My ‘Iwate debut’ was in the devastated town of Yamada, 30 min drive from Miyako, in a ‘kasetsu’ with 35 housing units built in the grounds of a primary school which had served as a place of refuge in the immediate aftermath of the tsunami. About 26 people, most of them elderly ladies, gathered around the low tables in the common room. Despite their hardships they obviously intended to have a good time and the gathering was quite merry. After chatting tea, coffee and homemade cookies, Rowena McGinty started to play the portable Yamaha keyboard the team had brought along and I tuned my violin. We played and sang “Angels from the Realm of Glory” and ”Joy to the World.” That day another team, from Kitakami in the south of the prefecture had joined us. Their pastor gave an ultra-brief talk; starting, perhaps surprisingly (but accurately), that the word ‘kurisumasu’ (Christmas), cannot be found anywhere in the Bible; the biblical story merely offered a new reason for celebrations that were happening before Christianity came along. He concluded by emphasizing the importance of giving and looking after each other. This is also something local welfare organizations are encouraging people to do. Experience from the Kobe earthquake in 1995 has made them are aware of the danger of people in the housing units dying alone or even taking their own lives in the face of a seemingly hopeless situation. After the talk we played ‘Silent Night’ and then it was nearly lunchtime and people started to leave. We cleaned up the common room which boasted a brand-new vacuum cleaner. Many of the common rooms in the ‘kasetsu’ I saw were well-equipped with children’s’ books, flat-screen TVs, computers etc, but distribution of goods has been unequal and some places apparently get left out of the loop.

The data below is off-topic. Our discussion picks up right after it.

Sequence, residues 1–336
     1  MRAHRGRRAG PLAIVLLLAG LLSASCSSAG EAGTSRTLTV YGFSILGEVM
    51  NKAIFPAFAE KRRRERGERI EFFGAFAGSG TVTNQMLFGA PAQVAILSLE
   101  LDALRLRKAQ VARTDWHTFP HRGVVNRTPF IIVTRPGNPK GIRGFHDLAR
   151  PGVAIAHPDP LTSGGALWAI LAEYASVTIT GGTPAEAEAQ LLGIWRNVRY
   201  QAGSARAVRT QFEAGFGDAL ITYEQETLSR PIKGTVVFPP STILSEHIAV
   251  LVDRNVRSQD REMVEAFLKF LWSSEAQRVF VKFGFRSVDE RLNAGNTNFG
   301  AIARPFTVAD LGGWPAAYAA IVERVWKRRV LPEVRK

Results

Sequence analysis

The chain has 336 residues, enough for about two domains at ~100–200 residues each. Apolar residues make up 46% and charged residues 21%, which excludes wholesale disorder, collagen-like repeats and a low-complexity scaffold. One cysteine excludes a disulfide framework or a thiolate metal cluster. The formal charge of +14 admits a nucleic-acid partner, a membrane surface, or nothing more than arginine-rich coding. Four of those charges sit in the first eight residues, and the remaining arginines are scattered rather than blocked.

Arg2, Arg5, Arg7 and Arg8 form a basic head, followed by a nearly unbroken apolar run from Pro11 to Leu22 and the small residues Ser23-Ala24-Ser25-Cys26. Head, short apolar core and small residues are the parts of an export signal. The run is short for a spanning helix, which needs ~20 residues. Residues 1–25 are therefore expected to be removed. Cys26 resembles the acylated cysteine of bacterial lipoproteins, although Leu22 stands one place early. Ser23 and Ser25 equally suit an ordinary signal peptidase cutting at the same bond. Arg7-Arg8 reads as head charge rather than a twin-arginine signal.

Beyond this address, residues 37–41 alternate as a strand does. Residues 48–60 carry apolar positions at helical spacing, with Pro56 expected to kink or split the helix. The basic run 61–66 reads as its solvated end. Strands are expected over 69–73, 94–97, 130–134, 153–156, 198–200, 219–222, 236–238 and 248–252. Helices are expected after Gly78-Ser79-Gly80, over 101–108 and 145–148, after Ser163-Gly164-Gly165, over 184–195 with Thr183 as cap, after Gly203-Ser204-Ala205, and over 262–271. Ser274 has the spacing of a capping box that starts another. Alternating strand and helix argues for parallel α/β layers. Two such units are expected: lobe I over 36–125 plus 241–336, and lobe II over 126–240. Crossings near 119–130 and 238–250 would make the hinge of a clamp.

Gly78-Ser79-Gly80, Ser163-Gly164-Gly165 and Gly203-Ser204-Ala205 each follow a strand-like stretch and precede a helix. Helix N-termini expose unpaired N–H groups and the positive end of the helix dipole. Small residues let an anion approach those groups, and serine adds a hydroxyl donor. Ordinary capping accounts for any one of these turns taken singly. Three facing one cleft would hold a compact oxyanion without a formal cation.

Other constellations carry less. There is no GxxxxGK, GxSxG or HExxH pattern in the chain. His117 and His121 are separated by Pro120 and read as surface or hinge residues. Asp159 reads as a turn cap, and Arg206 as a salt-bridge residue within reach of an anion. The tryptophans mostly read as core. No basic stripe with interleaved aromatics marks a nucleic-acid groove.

Over the two weeks I spent in Miyako the team sponsored several such pre-Christmas gatherings with carol singing. On one Saturday afternoon I played for children at a primary school; one of the children presented me with a picture she had drawn of a violin. The following Sunday I joined the band in the small local community church and played a short solo on the invitation of the pastor’s wife, a great lover of music.